One database, the Status Query and Response Exchange System, or SQUARES, is a VA web application that aims to provide VA employees and external homeless service organizations with reliable, detailed information about veterans' eligibility for programs.
SQUARES is currently being used in the criminal justice world to find out if a suspect is a veteran. Seward said the idea is that by using the database a police officer should be able to connect veterans in crisis immediately with the VA for mental health treatment, as opposed to arresting them.
However, only 15 out of 18,015 law enforcement agencies in the United States use SQUARES, Seward said.
"The commission will be looking at that database to find out if it's the right system," he said. "Some anecdotal evidence suggests that maybe it's cumbersome or difficult to get on and easy to get kicked off."
The commission will also be examining the other VA database, Veterans Re-Entry Search Services, or VRSS. The VRSS website allows correctional and other criminal justice system entities to identify inmates or defendants who have served in the U.S. military to provide outreach and veteran-specific programs to them.
Another topic of discussion is how the VA, the Department of Labor and the Department of Defense can improve the transition period from military to civilian life.
"It's fascinating to me that the federal government has a transition program, and it's run by three federal agencies, but there's no one person or one agency in charge of it," Seward said. "And in my 35 years of leadership experience, I would say that if nobody's in charge, or if three people are in charge, nobody's in charge."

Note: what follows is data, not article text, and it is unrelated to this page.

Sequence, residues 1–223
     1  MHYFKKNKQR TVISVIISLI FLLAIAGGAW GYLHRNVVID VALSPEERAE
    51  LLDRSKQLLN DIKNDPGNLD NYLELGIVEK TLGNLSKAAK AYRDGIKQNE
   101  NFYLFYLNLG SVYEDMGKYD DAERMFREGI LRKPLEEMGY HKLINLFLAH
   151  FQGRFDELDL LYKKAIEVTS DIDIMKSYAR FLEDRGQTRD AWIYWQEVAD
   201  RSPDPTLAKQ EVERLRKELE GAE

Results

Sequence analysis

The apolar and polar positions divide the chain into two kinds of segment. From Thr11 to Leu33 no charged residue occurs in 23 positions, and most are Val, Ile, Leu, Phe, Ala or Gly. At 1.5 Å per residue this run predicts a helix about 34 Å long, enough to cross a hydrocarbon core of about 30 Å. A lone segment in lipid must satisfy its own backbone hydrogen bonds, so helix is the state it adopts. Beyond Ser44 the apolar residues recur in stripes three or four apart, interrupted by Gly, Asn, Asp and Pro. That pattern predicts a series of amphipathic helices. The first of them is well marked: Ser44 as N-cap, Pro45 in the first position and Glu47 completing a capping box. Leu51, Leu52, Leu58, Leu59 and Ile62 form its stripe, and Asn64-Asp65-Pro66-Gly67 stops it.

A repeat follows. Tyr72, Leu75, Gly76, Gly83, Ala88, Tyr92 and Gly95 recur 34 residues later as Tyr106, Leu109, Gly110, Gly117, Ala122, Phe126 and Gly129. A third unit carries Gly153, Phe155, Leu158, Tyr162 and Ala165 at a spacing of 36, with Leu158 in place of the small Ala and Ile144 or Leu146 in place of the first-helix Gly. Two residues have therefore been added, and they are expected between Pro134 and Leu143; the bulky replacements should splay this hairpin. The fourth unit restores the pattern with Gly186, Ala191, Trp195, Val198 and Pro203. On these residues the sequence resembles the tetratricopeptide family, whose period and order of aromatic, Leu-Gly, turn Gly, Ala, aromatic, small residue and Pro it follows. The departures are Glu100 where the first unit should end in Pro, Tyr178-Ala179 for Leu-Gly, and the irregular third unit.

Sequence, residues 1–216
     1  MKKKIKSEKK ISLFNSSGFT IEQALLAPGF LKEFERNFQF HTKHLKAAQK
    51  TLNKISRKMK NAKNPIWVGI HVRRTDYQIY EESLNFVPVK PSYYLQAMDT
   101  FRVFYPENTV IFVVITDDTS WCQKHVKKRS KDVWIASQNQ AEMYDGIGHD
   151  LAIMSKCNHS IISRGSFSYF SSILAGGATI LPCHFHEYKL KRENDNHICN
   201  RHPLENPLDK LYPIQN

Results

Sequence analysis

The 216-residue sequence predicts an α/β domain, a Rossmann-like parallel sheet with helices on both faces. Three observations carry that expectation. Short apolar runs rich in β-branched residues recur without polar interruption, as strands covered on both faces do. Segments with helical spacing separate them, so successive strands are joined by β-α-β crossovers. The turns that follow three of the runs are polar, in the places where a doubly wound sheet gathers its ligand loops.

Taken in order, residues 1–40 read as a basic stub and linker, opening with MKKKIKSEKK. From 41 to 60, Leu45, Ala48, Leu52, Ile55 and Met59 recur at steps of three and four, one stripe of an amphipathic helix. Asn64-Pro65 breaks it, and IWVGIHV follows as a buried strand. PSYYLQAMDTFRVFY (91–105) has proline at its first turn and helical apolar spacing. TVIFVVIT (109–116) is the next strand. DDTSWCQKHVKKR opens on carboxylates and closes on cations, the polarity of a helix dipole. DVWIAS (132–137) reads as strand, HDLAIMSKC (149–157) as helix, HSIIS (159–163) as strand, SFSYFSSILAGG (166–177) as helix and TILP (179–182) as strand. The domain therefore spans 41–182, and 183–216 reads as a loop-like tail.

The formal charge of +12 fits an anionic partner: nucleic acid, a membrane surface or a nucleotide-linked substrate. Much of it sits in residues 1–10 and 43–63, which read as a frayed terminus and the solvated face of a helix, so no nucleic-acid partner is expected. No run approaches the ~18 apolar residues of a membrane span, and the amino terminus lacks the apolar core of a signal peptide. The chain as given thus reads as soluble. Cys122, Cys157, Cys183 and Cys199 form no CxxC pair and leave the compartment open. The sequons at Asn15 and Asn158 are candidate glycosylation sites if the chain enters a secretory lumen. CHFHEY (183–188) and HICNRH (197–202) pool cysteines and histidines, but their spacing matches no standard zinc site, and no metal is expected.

David "Mac" MacEwen, an independent consultant for the Council on Criminal Justice and a former adjutant general of the U.S. Army, discussed the military's transition issues in a council webinar called "Veterans and the Criminal Justice System" earlier this month.
"The transition program is mandated by law, and I call it 'one size fits none' because everyone does the same thing," MacEwen said on the webinar.
Seward said the commission's transition advisory committee will be meeting through 2023 to see what can be done to improve that area, including how the VA responds to the laws and the rules in place regarding who is and isn't eligible for VA benefits.
For example, when a veteran suffering from post-traumatic stress disorder is incarcerated, the individual's VA health care benefit immediately ceases.
"Every expert I've ever talked to says the VA has the best PTSD treatment in the country," Seward said. "If you're sitting in the Topeka, Kansas, jail, and you're struggling with PTSD, you need to try to convince the jail administrators to find you someone in the community to help you, or maybe the veterans justice officer from the VA will come and talk to you and find out if there's a community provider that would give you PTSD treatment, but it's not the VA treatment."
Seward noted that 95% of such veterans will eventually leave jail, so their successful treatment — and continued care — is of utmost importance to the community as a whole.
"There's a federal rule that says [the VA] cannot provide health care to those who are incarcerated. Somebody else is responsible for that, and that's the local official," Seward said. "The commission is looking at the question of: Should the local taxpayer be responsible for that?"
--Editing by Jill Coffey.